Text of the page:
Lies entrepreneurs a dangerous beliefs that can quickly lead to the demise of any entrepreneur. Entrepreneurs are ambitious, determined, and sometimes blindly optimistic bundles.
While irrational optimism is undoubtedly a good thing (and necessary) when you’re running your own business, it can lead you into many potentially harmful tendencies.
The more you know the lies entrepreneurs tell yourself when you go through a difficult journey in entrepreneurship, the better prepared you will be to pick up on those who can spell doom when the going gets rough.
Here are the 6 biggest notable lies told every day.
Everyone will love our product.
It is simply not possible, nor should it be desired. If your product or service is designed to appeal to everyone, you’d better be prepared to spend billions of dollars on marketing and PR to get in front of your prime audience. You will compete against established competitors on price, quality, and other attributes that are hard to call a real competitive advantage. Moreover, even if consumers recognize that your product is better than the others, if they do not feel particularly passionate about it, you will have difficulty convincing them to switch from what is “good enough” already.
Some of the most successful products and online companies, including Pat Flynn’s Smart Passive Income Blog, have started by going after a very well-defined niche rather than trying to be a drop in the bucket in a vast industry.
We will only need a little funding.
Underestimating future costs and grasping exactly how much time (and money) you need before generating enough cash flow to pay you a livable salary are consistently cited as two of the biggest reasons businesses fail.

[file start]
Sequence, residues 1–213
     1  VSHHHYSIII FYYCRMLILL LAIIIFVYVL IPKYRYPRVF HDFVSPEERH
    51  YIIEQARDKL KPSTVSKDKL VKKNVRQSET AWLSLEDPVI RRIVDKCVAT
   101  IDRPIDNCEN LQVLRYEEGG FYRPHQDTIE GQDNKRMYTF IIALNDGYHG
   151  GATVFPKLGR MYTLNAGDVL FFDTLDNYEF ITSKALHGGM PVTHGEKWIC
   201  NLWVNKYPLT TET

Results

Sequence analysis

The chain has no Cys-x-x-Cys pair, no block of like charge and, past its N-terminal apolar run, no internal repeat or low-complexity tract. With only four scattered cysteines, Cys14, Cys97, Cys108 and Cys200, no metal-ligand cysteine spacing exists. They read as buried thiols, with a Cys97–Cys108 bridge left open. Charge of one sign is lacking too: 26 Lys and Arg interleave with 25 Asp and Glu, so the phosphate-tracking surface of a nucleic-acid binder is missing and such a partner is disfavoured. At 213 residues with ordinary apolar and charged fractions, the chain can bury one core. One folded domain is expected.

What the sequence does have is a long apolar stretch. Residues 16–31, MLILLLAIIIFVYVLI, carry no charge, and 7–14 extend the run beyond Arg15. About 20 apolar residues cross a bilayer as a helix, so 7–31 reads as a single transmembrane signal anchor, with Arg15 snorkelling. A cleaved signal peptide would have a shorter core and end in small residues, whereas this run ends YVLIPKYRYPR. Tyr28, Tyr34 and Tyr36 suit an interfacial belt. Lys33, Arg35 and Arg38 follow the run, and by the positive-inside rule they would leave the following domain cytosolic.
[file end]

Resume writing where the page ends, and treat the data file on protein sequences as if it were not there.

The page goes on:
Aim to have at least six months’ worth of a year’s worth of expenses in the bank (or in funding) before fully embarking on a new business if you have yet to start it as a viable business for the first time.
Our estimates are conservative.
This man has gotten countless employers in trouble over the years. Several hundred billion dollar unicorns lost a lot of their revenue in 2015. Because entrepreneurs are rightly optimistic about the potential success of their companies, this can lead to seriously inflated estimates of future income and business growth.
It’s widely accepted in the startup community that investors rarely consider the financial plans of entrepreneurs coming through the door. When you land on the most conservative projections for the first few years of earnings growth, try to cut those numbers at least in half. It will be beneficial if you’re stepping up and funding the business yourself – and will avoid a painful return to full-time work.
We have no competitors.
Refrain from knowing that you have competition, no matter what business you’re in, can wear you down very quickly. Even though your unique solution to instantly clean your teeth with a fantastic new spray once a day may seem to have little competition for the same rush, you compete with brands like Oral-B and Crest, a billion-dollar-a-year company that sells toothbrushes: products that clean teeth.
If you have yet to find competitors, you’re not looking hard enough.
We can take our time.
Time is always of the essence in business. Whether you know it or not, there could be someone else out there in the world working on the same project as you. If they get a similar solution to market to you, it can seriously reduce your expected interest rate. Take a real-life example of when Periscope and Market launched similar live-streaming products almost simultaneously. With Periscope supported by Twitter and Market with a small venture funding, there was a little struggle.
Our patent makes us invincible.
While patents can serve as a short-term competitive advantage for a new business, it is only worth its investment in most industries if it succeeds in court. If your product is patented, you should patent it, but don’t expect to notify your market leader immediately.
For all you know, a mid-range competitor could compete with the same product and beat you in a lawsuit because they can bankroll a more extended lawsuit.
Whatever you do, never lose your independence. It will empower you to continue leveraging, creating, and building a robust business. Just be realistic with yourself as you go.